A couple of summers ago, during lunch with my mom and one of her oldest friends, I was excitedly telling them about my first story to go viral, which was about a young woman who was committing to blogging about one hundred dates. Not only was I pumped about the fact that I was the first person to report on her story, but I also loved the entire concept of her experiment. All of those dates! So honest! So sex-positive!
My mom’s best friend — who loves me like a much-spoiled niece — waited until I was done gushing and then said, “What’s the big deal?”
She didn’t get why it was radical for a young woman to go on so many dates with so many different men. “Well, she does sleep with a lot of them…” I explained. “So what?” she said. “In my day sleeping with a bunch of guys in a summer wouldn’t be anything crazy.”
That was the moment I realized that what I think is really radical and sex-positive must look so lame to women of my mom’s generation. It was one of those times when you’re like, "oh, yeah, my mom had a life before I was born. And, oh, yeah, that sexual revolution thing? That wasn’t just history books for her; that was her life." We like to think that society continually moves forward all of the time, always progressing, always getting better, but all it takes is one conversation with someone who came of age in the '60s and '70s to see that sometimes society takes big, massive steps backward instead.
I’m continually amazed and humbled by the things that my mom’s friends did — and do — that make them so much more sex-positive and radical than me and my friends. Here’s a list of just a few:
1. When They Had Multiple Boyfriends
Think non-monogamy is some kind of new, trendy thing? Think again. My mom’s friends were practicing it before any of my friends were even born.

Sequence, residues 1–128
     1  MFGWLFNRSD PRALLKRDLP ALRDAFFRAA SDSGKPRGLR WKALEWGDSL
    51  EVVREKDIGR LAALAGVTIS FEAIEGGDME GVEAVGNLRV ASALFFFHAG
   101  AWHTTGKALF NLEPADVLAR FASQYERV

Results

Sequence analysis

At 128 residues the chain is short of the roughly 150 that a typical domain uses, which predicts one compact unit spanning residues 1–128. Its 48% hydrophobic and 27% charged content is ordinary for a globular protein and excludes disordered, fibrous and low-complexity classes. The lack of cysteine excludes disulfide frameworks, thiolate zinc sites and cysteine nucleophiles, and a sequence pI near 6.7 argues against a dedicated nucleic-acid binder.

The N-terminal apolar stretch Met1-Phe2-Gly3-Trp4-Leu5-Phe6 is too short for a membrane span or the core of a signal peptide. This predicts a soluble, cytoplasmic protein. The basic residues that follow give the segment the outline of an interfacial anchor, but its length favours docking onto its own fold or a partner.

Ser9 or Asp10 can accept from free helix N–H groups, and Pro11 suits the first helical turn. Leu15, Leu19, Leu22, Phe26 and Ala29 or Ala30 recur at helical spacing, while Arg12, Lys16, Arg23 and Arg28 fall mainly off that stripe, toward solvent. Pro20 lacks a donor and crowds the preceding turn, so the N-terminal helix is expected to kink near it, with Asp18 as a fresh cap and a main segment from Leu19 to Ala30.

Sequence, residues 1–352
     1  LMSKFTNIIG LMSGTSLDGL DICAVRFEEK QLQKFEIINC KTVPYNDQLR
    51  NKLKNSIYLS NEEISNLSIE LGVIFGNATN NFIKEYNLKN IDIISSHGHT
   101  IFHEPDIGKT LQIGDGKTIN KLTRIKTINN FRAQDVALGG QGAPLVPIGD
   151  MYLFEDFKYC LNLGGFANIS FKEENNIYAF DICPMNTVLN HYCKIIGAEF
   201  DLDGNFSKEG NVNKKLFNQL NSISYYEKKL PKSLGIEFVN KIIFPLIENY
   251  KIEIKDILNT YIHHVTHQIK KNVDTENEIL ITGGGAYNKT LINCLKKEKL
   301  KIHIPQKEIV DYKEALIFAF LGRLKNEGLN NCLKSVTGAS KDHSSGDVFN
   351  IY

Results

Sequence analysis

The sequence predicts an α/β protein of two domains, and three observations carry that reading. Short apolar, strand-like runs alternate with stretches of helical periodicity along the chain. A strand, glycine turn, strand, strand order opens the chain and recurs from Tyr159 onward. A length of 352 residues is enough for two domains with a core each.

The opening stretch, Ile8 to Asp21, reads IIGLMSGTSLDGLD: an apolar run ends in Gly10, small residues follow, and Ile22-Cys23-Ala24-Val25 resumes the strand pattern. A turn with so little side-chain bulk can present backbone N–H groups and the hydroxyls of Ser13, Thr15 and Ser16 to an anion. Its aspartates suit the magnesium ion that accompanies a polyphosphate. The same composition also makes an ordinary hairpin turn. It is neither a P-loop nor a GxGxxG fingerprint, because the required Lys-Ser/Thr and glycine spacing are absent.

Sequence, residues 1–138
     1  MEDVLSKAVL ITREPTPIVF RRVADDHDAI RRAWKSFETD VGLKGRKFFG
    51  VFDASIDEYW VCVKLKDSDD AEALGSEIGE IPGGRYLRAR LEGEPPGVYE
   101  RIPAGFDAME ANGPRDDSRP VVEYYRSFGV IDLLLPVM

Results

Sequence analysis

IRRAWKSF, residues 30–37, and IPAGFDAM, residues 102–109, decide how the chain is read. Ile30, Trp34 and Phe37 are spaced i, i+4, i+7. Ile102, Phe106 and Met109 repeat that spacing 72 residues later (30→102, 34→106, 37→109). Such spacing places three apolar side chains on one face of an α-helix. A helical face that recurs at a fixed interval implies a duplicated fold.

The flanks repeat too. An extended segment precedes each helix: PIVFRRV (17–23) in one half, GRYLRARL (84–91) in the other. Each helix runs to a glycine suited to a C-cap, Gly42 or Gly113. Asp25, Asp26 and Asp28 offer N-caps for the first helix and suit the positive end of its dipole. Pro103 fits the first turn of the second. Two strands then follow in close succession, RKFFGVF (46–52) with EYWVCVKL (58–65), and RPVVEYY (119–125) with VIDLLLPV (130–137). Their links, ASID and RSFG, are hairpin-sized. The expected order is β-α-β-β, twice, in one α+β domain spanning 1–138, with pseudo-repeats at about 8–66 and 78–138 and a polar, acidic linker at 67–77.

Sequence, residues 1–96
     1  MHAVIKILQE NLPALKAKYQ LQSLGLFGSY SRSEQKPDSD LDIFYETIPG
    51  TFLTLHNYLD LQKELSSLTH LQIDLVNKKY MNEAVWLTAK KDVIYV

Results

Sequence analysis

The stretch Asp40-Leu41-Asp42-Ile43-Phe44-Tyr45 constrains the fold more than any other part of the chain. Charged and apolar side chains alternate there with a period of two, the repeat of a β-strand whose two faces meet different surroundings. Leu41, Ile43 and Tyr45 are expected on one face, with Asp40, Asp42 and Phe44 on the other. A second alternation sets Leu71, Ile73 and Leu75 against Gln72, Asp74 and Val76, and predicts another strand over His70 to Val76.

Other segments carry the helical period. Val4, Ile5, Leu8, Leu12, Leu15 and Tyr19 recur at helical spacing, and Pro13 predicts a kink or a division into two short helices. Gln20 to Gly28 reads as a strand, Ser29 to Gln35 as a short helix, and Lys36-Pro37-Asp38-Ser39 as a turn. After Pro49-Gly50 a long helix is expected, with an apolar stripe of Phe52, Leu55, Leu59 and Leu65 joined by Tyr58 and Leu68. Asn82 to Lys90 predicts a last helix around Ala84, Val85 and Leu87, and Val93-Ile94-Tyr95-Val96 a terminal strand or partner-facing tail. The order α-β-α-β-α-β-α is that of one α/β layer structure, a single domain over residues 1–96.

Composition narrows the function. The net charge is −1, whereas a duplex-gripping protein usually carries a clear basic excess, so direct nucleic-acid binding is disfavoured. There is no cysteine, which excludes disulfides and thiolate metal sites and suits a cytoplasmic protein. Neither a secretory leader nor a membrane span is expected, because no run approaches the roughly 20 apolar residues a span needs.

One of them showed me a picture of when she lived in The Haight in San Francisco in ’68. She pointed to a guy standing behind her and said, “That one was my boyfriend.” Then she pointed to the guy crouching in front and said, “Of course, I was sleeping with him too.”
2. When They Told Me Their Period Stories
I got my period when I was 10, and my mom handed me a binder full of stories from her friends and family. They’d each written out their own stories of the first time they got their periods and what their periods meant to them as grown women. It was an amazing example of sisterhood in a time when my friends were all blushing and screaming “EW!” at even the mention of the word “tampon.”
3. When They Looked At Their Vulvae And Vaginas In Mirrors
My mom’s mom managed to tell her how to insert a tampon without ever using the word “vagina,” which makes the fact that she and her friends got up close and personal with their vulvae back during their conscious-raising days even cooler.
4. When They Insisted On Their Right To Orgasm
This is one that makes me really sad when I think about how far backward we've gone. My mom's friends would never dream of continuing to have sex with someone who didn't care about their orgasms, and yet I hear from women my age and younger all the time who aren't getting off and don't stand up for their right to orgasm. I say, take an example from your foremothers, ladies, and don't let them just roll over and fall asleep! Your orgasm is important too!
5. When They Bought Their Daughters And Nieces Our Bodies, Ourselves
My mom also encouraged me to take a look at my own vulva — and to learn every other thing about my body — when I was teenager when she gave me a copy of Our Bodies, Ourselves. That book helped me figure out how my body worked and also made me really proud to be a woman. I’m lucky — a lot of my friends don’t even know that the outside parts are of their genitals are called the “vulva,” not the “vagina.”
6. When They Stopped Shaving
I shave my legs and my armpits, but my mom doesn’t shave and a bunch of her friends don’t either. And while I’d like to tell myself that it’s 100 percent my choice to shave, the reality is that we live in a culture that heavily leans on us to get rid of our body hair and I have totally caved to that. But that also means I appreciate and respect just how badass and bold it is for women like my mom to not shave. I can only hope to be so badass some day.
Images: Giphy (6); Courtesy of Stu McGowan